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Michaelian v. Lawsuit Financial, Inc.

United States District Court, E.D. Michigan, Southern Division

April 19, 2019




         I. Introduction

         The facts of this case were set out in laborious detail in the Court's previous Order issued on March 20, 2019 addressing the parties' summary judgment motions. ECF No. 73. To the extent they are relevant, those facts are adopted here. For now, it is enough to recap that Plaintiff Judith Michaelian sued Defendants Lawsuit Financial, Inc. and its owner Mark Bello because her deceased husband had invested hundreds of thousands of dollars with Bello and his company, and Mrs. Michaelian wanted the money back.

         Earlier in the litigation, Plaintiff twice requested the Court to appoint a receiver to take over the assets of the defendant company, first on April 3, 2018, and again on August 6, 2018. ECF Nos. 27, 50. The Court found the record before it insufficient to determine whether appointing a receiver would be appropriate. For that reason, on October 30, 2018, the Court appointed a special master/examiner to conduct a forensic accounting of Defendant Lawsuit Financial's finances and report on whether it had the capacity to pay Plaintiff back. ECF No. 62. On December 21, 2018, the Court filed the special master/examiner's report under seal and directed the parties to file any objections to unsealing the report within fourteen days. ECF No. 65. Receiving no objections, on January 10, 2019 the Court unsealed the report and denied Plaintiffs' Motion to Appoint a Receiver. ECF No. 66. Plaintiff now moves to strike the report of the special master/examiner, ECF No. 67, and further to reconsider the Court's order denying appointment of a receiver, ECF No. 68. For the reasons set forth below, it is ORDERED that both motions are DENIED.

         Also before the Court is Defendants' motion asking for partial reconsideration of the Court's March 20, 2019 summary judgment Order on the ground that the Court failed to consider Defendant's affirmative defense that Count X of Plaintiffs' Complaint was brought outside the one-year statute of limitations for sale of an unregistered security. ECF No. 76. Defendant's Motion is also DENIED.

         II. Legal Standards

         Plaintiffs cite no legal standard that the Court should apply in considering their Motion to Strike. Instead, Plaintiffs raise several arguments related to the veracity of the report itself: (1) the report relies on flawed or false data; (2) the report is incomplete; and therefore (3) the report is not useful to the Court. Rather than filing these objections during the fourteen-day period the Court established to consider such arguments before adding the report to the public record, or during the twenty-one-day period for objections to such reports set forth in Fed.R.Civ.P. 53(f)(2), Plaintiffs did not interpose their objections until after the Court had considered the report in making its decision not to appoint a receiver. In any event, Plaintiffs' tardy objections do not warrant striking the report of the special master/examiner. Fed.R.Civ.P. 53(f)(3) indicates that “[t]he court must decide de novo all objections to findings of fact made or recommended by a master.”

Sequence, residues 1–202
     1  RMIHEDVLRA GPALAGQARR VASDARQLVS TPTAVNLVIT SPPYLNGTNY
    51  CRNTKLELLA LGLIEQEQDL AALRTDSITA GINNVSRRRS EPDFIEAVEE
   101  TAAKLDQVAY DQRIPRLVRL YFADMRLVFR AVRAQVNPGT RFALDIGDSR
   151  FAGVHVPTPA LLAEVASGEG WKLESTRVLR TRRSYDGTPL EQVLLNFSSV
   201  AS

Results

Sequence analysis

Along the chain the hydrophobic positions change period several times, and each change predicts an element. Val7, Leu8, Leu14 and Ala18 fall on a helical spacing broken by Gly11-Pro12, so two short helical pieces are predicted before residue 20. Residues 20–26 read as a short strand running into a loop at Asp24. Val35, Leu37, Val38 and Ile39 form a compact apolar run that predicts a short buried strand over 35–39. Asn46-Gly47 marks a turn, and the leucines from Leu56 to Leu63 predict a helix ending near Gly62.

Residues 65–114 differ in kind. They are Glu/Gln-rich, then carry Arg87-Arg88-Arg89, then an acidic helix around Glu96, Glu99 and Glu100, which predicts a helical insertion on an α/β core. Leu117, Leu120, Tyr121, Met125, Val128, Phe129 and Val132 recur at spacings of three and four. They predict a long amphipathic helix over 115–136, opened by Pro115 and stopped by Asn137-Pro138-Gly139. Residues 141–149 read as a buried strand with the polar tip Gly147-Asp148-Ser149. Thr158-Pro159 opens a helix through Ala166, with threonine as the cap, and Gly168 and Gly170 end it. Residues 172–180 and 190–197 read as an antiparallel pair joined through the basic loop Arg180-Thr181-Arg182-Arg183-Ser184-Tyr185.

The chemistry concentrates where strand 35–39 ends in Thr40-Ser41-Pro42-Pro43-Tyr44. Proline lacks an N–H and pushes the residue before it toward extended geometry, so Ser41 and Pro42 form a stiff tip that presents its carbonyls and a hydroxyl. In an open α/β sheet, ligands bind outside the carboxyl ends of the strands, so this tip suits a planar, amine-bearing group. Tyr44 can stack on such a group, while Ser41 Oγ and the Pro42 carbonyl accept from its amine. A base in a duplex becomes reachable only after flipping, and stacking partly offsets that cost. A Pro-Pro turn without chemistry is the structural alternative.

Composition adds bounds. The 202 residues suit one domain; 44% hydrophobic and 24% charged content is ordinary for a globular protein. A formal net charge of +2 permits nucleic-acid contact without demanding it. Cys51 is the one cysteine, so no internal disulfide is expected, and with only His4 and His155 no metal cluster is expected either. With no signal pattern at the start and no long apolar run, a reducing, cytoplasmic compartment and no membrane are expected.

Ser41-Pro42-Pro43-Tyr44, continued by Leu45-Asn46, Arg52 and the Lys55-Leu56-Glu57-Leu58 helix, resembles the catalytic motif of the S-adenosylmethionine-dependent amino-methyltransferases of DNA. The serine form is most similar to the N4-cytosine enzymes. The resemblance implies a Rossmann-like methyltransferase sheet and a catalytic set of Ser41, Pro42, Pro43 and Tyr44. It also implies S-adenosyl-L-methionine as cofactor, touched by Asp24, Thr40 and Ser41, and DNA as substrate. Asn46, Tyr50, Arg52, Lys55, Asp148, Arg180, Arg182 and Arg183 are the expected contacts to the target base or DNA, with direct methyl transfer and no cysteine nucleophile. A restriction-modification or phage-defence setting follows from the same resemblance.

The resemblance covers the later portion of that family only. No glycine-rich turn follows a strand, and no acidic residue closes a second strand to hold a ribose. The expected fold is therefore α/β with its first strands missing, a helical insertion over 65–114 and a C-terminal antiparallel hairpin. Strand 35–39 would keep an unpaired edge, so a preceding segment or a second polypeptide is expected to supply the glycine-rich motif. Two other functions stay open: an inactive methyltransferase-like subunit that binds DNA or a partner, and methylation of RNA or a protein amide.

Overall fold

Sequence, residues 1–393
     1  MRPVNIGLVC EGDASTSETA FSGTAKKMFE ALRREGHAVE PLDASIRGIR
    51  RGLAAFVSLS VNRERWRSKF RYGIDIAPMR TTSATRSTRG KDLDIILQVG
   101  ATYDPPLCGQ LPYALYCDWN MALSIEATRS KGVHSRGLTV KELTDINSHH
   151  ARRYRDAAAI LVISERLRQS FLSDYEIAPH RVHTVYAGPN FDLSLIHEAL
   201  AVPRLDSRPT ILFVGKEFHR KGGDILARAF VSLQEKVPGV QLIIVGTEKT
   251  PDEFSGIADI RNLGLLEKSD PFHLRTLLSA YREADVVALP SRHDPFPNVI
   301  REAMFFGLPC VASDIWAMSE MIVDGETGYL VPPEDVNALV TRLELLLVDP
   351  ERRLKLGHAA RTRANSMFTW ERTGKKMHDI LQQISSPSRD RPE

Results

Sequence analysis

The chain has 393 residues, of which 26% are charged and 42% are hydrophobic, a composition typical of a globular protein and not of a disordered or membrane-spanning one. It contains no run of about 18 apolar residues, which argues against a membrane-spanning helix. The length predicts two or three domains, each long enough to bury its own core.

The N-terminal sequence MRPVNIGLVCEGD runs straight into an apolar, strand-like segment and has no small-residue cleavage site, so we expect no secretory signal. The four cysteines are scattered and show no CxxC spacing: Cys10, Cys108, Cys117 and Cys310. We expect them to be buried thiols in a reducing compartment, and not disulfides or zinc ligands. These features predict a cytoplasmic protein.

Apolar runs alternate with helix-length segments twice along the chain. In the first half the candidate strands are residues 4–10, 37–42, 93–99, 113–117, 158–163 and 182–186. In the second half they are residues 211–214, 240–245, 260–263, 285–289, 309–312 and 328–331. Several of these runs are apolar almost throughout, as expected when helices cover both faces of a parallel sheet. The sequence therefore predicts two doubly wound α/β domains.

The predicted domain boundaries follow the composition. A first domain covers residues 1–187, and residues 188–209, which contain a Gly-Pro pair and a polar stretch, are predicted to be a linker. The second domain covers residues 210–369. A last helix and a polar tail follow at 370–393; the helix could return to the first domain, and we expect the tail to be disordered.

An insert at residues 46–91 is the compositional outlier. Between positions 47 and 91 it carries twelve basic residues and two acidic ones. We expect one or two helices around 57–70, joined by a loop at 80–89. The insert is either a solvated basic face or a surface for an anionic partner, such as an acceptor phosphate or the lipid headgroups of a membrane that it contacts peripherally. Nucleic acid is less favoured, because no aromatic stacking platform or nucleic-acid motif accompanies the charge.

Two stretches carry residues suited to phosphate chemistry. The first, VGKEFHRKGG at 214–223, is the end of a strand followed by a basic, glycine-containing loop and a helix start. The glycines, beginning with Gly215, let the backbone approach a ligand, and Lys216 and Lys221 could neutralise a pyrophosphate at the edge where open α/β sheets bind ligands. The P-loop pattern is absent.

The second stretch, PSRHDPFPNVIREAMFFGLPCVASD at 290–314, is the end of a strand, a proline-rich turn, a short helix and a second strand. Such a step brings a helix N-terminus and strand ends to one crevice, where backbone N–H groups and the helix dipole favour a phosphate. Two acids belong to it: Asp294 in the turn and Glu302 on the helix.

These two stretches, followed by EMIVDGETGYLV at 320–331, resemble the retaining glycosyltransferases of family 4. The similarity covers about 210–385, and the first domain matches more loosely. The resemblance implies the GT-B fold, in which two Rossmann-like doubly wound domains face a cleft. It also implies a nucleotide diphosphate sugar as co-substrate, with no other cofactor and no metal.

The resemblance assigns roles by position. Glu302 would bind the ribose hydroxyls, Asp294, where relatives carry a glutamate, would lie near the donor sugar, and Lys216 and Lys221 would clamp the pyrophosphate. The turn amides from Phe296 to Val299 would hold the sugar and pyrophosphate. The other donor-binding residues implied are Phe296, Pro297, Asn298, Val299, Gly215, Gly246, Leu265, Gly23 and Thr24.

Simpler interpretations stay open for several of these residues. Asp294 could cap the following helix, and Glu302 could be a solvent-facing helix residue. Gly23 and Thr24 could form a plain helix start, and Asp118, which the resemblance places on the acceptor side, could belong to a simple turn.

With respect to the Cross-Motions for Reconsideration, the Court may grant a motion for reconsideration if the movant satisfactorily shows: (1) the existence of a palpable defect that misled the parties and the Court; and (2) the correction of such defect would result in a different disposition of the case. E.D. Mich. L.R. 7.1(h)(3). A defect is palpable if it is “obvious, clear, unmistakable, manifest, or plain.” Olson v. Home Depot, 321 F.Supp.2d 872, 874 (E.D. Mich. 2004).

         III. Analysis

         a. Plaintiffs' Motion to Strike the Report of the Special Master/Examiner

         On October 15, 2018, the Court heard oral argument on Plaintiffs Second Motion to Appoint a Receiver. At the hearing, the Court indicated that the pleadings and exhibits pertaining to the request to appoint a receiver raised sufficient questions about Lawsuit Financial's solvency to justify the appointment of a special master/examiner to investigate the financial condition of Defendant Lawsuit Financial, Inc. The Court directed parties to submit a proposed stipulated order that specified the duties of the special master/examiner. The parties submitted this proposed stipulated order on October 19, 2018. The stipulation indicated that the special master/examiner should investigate the following:

. The current financial health and stability of LFC, including an assessment of its assets and short and long-term debt obligations, and its long-term sustainability and viability, both
. The ability of LFC to fund the payment of a settlement or judgment in the amount of approximately $800, 000 (less the $266, 000 LFC has escrowed or repaid to date), with monthly payments over a 24-36 month time frame, while continuing to operate under its current business model of funding cases; and,
• A determination of the largest regular monthly payment that LFC could consistently make while still ...

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